Posted On by &filed under Bombay High Court, High Court.

Bombay High Court
Jairamdas Ganeshdas And Anr. vs Zamonlal Kissorilal on 10 February, 1903
Equivalent citations: (1904) ILR 27 Bom 232
Author: Russell
Bench: Russell


Russell, J.

1. The plaintiffs herein, Jairamdas Ganeshdas and another, sue the defendant Zamonlal Kissorilal for damages for the non-acceptance of one hundred bales of cotton and ask to restrain the defendant from proceeding with Suit No. 21205 of l902 in the Bombay Small Causes Court. Paragraph 6 of the plaint herein sets out the nature of that suit. (His Lordship read the paragraph and continued 🙂

2. Mr. Inverarity for the defendant herein has raised an important question, viz., that this Court has no jurisdiction to restrain the defendant from carrying on his suit in the Small Cause Court. I take it to be an important question, for points of this kind are repeatedly raised in this Court and all questions involving jurisdiction are important.

3. The plaintiffs in their affidavit in support of the rule, which has not been replied to, state that they were induced by a threat on the defendant’s part not to file this suit, and so the defendant was enabled to file his suit in the Small Cause Court first.

4. Mr. Inverarity’s contention put shortly is this: that this injunction can only be granted by final decree in this suit and not on an interlocutory application. This depends on the effect of Sections 53, 54(e) and 56(a) of the Specific Relief Act (I of 1877). (His Lordship read the Section (1) and continued:)

5. In the first place, it is to be observed that the framers of the Civil Procedure Code have apparently expressly refrained from putting temporary or interlocutory injunctions on the same footing as they are put by the English Judicature Act, 1873, Section 25, Sub-clause 8. (His Lordship read the Section (2)).

6. Section 53 of the Specific Relief Act (I of 1877) moreover says that temporary injunctions are to be regulated by the Civil Procedure Code: see Amir Dulhin v. Administrator-General of Bengal (3). Sections 492 and 493 of the Civil Procedure Code, however, provide as follows. (His Lordship then read the Sections (4).

8. It is obvious that) an application to restrain a suit in the Small Cause Court does not come within these provisions. I take it that I expressio unius est exclusio alterius, and if the framers of the Civil Procedure Code had intended to put interlocutory applications for injunction on the same footing as they were under the Judicature Act, they would have done so. I must assume, therefore, that they deliberately intended 21 to limit such applications to the matters enumerated in Sections 492 and 493 of the Civil Procedure Code only. Moreover it is under the head of perpetual injunctions only in the Specific Relief Act that the present application comes, and as that can only be granted by the decree made at the hearing, this application must be refused.

9. At the same time, it appears to me that the plaintiffs are not without another remedy. It would be a manifest injustice if they were. For their position is this. They are entitled by law to bring this suit in this Court, although it is within the jurisdiction of the Small, Cause Court. Their object in doing so is, I am told, to enable them to get discovery and inspection which they cannot get in the Small Cause Court. If the defendant herein gets his decree in the Small Cause Court, the matter will be res judicata and the plaintiffs will be without any remedy. Now of curse they might file a cross suit in the Small Cause Court, which they do not wish and are not obliged to do. I am of opinion then that their proper course would be to apply to the Court to remove the defendant’s suit from the Small Cause Court to this Court under Clause 13 of the Letters Patent. The Extraordinary Jurisdiction of this Court is that which the Court exerciseson special occasions and in a special manner: see Navivahoo v. Turner. (1889) L.R. 16 Ind. Ap. 156 at p. 162, 13 Bom. 520 Clause 13 of the Letters Patent applies to the exercise of the Extraordinary Original Jurisdiction of the Court. The Extraordinary Jurisdiction of the High Court is derived from Regulation II of 1827, Section 5, Clause 2, the powers conferred by which upon the Sadar Diwani Adalat were by Section 9 of 24 and 25 Vict., cap. 15, transferred to the High Court: see Mahadaji v. Sonu (1872) 9 Bom. H.C.R. 249. By Section 6 of the Small Cause Courts Act (XV of 1882), the Small Cause Court shall be deemed to be under the superintendence of the High Court. (His Lordship read the section. Presidency Small Cause Courts Act (XV of 1882), Section 6:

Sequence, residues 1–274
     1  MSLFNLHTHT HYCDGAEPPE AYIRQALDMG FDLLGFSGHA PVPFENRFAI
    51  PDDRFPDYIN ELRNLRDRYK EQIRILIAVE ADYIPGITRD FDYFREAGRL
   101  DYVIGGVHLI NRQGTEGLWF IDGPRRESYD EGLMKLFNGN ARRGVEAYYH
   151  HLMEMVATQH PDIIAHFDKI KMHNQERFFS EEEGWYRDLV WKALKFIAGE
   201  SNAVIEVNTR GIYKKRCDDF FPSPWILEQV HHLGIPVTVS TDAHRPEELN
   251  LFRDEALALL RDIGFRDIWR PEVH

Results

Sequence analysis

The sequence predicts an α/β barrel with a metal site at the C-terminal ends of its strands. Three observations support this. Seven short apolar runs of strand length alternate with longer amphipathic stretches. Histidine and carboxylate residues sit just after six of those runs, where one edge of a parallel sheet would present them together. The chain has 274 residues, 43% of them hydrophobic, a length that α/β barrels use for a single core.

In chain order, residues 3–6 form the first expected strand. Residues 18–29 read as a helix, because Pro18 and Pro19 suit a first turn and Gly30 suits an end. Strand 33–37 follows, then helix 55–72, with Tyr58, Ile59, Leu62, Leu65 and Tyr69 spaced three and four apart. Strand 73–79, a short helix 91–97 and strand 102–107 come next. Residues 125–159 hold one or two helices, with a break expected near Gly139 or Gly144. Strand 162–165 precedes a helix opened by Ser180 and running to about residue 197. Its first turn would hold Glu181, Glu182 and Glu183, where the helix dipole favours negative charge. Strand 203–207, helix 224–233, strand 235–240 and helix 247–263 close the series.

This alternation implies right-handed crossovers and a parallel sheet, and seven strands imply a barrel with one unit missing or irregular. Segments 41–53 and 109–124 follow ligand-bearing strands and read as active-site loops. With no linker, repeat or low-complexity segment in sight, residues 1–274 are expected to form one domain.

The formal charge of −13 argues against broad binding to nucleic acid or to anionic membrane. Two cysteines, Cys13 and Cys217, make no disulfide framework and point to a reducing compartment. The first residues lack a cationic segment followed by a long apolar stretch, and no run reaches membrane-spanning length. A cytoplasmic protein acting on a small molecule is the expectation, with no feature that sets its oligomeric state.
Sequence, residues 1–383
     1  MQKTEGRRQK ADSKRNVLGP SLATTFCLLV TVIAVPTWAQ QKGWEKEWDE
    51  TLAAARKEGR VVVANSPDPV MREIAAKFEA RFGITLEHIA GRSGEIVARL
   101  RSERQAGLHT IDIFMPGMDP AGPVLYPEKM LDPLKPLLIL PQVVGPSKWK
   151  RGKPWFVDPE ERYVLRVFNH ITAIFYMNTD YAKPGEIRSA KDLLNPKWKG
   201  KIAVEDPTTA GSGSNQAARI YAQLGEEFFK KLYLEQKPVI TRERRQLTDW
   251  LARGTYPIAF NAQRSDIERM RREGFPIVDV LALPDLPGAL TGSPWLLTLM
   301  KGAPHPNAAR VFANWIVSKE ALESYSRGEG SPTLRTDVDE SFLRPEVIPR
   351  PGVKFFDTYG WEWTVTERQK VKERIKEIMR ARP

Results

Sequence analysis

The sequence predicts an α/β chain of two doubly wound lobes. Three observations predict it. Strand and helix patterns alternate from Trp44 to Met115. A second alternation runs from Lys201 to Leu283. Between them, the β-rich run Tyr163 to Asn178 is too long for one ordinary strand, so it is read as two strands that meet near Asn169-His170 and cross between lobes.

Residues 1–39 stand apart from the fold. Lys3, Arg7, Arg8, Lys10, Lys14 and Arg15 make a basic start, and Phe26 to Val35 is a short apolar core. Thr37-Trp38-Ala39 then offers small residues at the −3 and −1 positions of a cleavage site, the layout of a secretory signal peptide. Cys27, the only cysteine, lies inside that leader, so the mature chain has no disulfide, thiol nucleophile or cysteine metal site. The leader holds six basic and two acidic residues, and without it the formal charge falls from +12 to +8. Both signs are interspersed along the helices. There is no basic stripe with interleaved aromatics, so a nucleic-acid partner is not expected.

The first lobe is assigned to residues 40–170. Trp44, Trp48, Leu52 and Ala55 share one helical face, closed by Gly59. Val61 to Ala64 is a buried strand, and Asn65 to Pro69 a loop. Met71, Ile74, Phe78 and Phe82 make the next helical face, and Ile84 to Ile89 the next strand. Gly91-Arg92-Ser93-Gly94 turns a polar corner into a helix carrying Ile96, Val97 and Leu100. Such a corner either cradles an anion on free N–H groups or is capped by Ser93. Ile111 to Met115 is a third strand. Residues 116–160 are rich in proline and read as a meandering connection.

10. Rule 62 of the High Court Rules enables me to exercise any part of the jurisdiction vested in the High Court on its Original Side. But as the point has not been argued I merely throw this out for the consideration of the parties to save them further costs; for it may be that Mr. Inverarity might convince me that an application, such as I have suggested, should be made to the High Court on its Appellate, Side.

11. I must discharge this rule with costs. Order that the sum deposited by the. plaintiffs before applying for the rule be returned to them or their Attorneys.

Leave a Reply

Your email address will not be published. Required fields are marked *

* Copy This Password *

* Type Or Paste Password Here *

102 queries in 0.155 seconds.